Children may be thrilled that school’s out for the summer but most parents are dreading the weeks to come with two thirds (61%) claiming the summer holidays should be shorter.
Being a parent is a juggle at the best of times, but in the holidays that juggle reaches epic proportions.
Not only do you have to keep everyone alive and entertained, more often than not you have to do so while also keeping on top of your own work commitments.
Oh and let’s not forget the financial fears either.
Between forking out for childcare and finding fun things to do, it’s not surprising a poll has revealed many parents are already wishing the six weeks away.
The survey of 2,000 parents by tuition provider Explore Learning revealed that reasons for the holiday-dread include struggles with managing the work/child balance, boredom and being generally busy.
Half of parents said they find it hard to get time off over the summer holidays and 46% said sourcing childcare for this extended period of time is challenging.
As a result finances are strained as over a third (35%) admit to struggling to pay for childcare, and 39% find it hard to pay for family holidays as they are so expensive.
Keeping children entertained is another parental battle with 43% finding it difficult to keep their children busy and 59% of parents saying their children get bored over the holidays.
Another parental worry is that kids will forget everything they’ve learnt during the school year with 40% citing this as a real concern, while 71% say their child’s academic ability drops over the long summer break.
So how do we survive the long summer break?
"Six weeks is a long time to keep the children entertained but there are some fantastic ways to do this that are easy, affordable, educational and fun,” says Charlotte Gater, Head of Curriculum at Explore Learning.
Become free readers
Local libraries use the summer holidays to invite children to take part in free reading and writing workshops, so it’s worth keeping an eye out for when these are.
“Even when they're not running events, the library is a brilliant place to visit,” explains Gater. “Give your child the freedom to choose whatever book or genre they'd like without spending any money at all.”
Of course, with the constant threat to libraries up and down the country, it's also a fantastic way to show your support!
Your Insta might be littered with pictures of the kids enjoying the holidays, but more often then not those mementos end up languishing on our phones. So how about getting the kids to make a scrapbook of your summer break?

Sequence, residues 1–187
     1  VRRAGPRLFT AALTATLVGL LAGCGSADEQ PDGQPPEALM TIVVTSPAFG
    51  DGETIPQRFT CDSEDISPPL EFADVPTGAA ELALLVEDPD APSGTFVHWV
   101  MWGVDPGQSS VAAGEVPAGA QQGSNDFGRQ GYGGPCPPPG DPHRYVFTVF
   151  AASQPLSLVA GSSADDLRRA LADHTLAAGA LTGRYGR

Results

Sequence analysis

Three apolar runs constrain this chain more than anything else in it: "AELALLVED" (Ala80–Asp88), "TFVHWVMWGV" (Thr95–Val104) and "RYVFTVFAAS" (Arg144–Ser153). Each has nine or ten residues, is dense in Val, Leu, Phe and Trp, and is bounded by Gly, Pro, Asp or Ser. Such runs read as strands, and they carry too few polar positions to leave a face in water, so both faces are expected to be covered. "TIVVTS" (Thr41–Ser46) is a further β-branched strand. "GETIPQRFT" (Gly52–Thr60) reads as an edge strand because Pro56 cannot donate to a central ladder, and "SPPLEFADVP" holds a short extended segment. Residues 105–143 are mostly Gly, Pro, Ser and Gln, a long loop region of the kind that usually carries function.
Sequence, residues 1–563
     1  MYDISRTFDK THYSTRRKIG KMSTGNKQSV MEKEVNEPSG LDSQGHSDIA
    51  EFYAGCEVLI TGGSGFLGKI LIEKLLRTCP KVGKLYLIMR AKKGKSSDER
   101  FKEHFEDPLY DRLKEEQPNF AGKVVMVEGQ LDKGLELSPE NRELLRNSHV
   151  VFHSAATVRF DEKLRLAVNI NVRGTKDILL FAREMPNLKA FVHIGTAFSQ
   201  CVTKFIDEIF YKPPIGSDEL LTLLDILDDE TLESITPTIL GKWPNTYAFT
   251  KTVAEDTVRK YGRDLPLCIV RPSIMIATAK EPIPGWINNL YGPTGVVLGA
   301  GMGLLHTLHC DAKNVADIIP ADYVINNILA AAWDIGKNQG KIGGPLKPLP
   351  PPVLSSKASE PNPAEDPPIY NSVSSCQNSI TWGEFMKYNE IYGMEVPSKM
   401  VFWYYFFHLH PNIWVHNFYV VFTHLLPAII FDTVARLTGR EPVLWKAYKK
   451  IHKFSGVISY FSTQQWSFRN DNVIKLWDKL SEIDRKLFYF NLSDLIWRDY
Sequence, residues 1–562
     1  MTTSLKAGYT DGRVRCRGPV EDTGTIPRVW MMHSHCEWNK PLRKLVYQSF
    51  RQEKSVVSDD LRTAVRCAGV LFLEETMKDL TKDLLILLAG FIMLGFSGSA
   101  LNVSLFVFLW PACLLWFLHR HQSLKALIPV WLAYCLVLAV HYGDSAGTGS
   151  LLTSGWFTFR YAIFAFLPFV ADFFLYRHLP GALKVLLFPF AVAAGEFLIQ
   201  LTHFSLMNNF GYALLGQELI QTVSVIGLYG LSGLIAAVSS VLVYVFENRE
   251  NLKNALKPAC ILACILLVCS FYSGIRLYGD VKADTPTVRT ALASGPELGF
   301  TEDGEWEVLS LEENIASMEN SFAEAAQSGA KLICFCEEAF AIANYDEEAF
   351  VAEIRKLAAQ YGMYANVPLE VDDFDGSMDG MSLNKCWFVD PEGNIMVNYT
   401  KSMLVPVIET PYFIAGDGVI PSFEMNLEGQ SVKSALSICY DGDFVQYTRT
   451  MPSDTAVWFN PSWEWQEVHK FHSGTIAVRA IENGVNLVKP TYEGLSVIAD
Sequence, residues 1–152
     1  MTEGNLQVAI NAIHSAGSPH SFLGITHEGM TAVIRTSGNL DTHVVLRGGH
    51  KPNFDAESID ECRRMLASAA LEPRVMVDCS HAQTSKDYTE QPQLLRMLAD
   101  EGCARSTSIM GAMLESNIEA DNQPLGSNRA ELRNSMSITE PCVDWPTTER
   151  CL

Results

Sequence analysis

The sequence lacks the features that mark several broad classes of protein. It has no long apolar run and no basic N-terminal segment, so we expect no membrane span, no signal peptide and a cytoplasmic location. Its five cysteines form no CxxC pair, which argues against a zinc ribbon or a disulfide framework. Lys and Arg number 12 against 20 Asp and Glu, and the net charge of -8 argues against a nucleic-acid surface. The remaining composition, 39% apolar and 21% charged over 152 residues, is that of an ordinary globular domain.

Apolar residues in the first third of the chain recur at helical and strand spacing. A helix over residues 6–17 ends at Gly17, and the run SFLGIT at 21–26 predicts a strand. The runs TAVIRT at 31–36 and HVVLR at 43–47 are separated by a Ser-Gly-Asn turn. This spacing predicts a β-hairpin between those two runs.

Sure the holidays are testing for parents, but they’re often some of children’s best times. “Help them to cherish these memories by encouraging them to make a scrapbook of what they've done each day,” suggests Gater.
“Task them with collecting items when they're out and about, save ticket stubs, take photos and print up and draw or paint pictures of what they've seen!”
Lazy days spent in front of a screen can’t always be avoided, but if we’re gifted a sunny day, make the most of it by getting little ones outside.
“If they like a certain sport, see if there are some good camps that specialise in what they love near you,” suggests Gater.
“And if sport’s really not for them, encourage them to enjoy the great outdoors by taking them to the beach, on walks and play parks where they can let loose and burn off some of that of that excess energy they'd usually use up in the school playground!”
And if you do head to the beach don’t forget to pack the talcum powder - it’s an easy hack to get sand off kids’ wet legs. You’re welcome.
Switch up the cinema
For when the inevitable summer bad weather hits. “Often there are special parent/child discounts at the cinema in the holidays,” says Gater.
She suggests trying to add an educational element to movie days by encouraging little ones to write a review of the film for their favourite magazine.
Read up a storm
According to recent research, reading together came out as the most popular educational source of entertainment.
“Reading together is a fantastic way of bonding in the evenings and getting their imagination going,” explains Gater. She suggests choosing something you loved as a child.
“Your passion and enthusiasm will shine through and hopefully your child will love it just as much as you!”
Share the childcare load
The work/kids juggle is oh so real for many parents but we’re all in the same boat. Try swapping favours or working out childcare rotas with other parents which should make life a little easier for everyone.
“Play dates are a great way of sharing the load of childcare,” explains Gater. “Perhaps your child could go to a friend for one day and then the friend could come to you the next day.
The benefits of sharing the load are countless.
“Not only is it fun for your child, it helps build their social skills and gives you a day to yourself to do whatever you'd like – or catch up on chores or work!”
Chart their chores
The last thing you want over the summer break is for your child to get lazy. Yes, they will need to take a break after all the hard work of the school year, but you don’t want them to fall into a routine of doing nothing every day!
The trick is finding a balance.
“Since they'll be at home a lot more, allocate chores to them that they must do each week,” suggests Gater. “This will teach them responsibility – and help ease your load too!”